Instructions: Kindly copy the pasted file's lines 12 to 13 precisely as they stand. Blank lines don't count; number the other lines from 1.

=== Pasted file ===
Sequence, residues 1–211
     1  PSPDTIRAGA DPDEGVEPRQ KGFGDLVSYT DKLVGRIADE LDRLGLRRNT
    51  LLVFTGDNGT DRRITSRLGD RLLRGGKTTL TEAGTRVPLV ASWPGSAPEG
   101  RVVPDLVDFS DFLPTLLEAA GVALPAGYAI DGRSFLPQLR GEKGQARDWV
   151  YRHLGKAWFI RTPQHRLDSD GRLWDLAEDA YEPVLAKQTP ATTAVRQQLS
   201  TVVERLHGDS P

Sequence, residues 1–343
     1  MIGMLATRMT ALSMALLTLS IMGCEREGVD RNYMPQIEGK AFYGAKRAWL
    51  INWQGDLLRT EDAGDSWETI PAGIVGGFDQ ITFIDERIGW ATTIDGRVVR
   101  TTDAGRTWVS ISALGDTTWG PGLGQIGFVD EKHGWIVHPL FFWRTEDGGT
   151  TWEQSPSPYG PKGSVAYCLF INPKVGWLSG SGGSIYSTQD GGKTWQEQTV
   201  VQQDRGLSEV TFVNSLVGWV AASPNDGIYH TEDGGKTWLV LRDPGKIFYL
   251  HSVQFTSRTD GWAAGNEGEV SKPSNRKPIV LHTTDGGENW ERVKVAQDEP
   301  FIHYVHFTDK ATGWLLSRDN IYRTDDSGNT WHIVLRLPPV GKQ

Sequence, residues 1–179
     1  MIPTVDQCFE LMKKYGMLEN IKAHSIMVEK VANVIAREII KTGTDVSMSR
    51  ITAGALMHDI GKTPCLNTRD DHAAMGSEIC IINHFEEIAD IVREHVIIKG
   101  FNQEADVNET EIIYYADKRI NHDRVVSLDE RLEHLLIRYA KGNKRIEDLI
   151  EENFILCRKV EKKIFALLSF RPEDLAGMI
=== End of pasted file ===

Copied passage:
   201  VQQDRGLSEV TFVNSLVGWV AASPNDGIYH TEDGGKTWLV LRDPGKIFYL
   251  HSVQFTSRTD GWAAGNEGEV SKPSNRKPIV LHTTDGGENW ERVKVAQDEP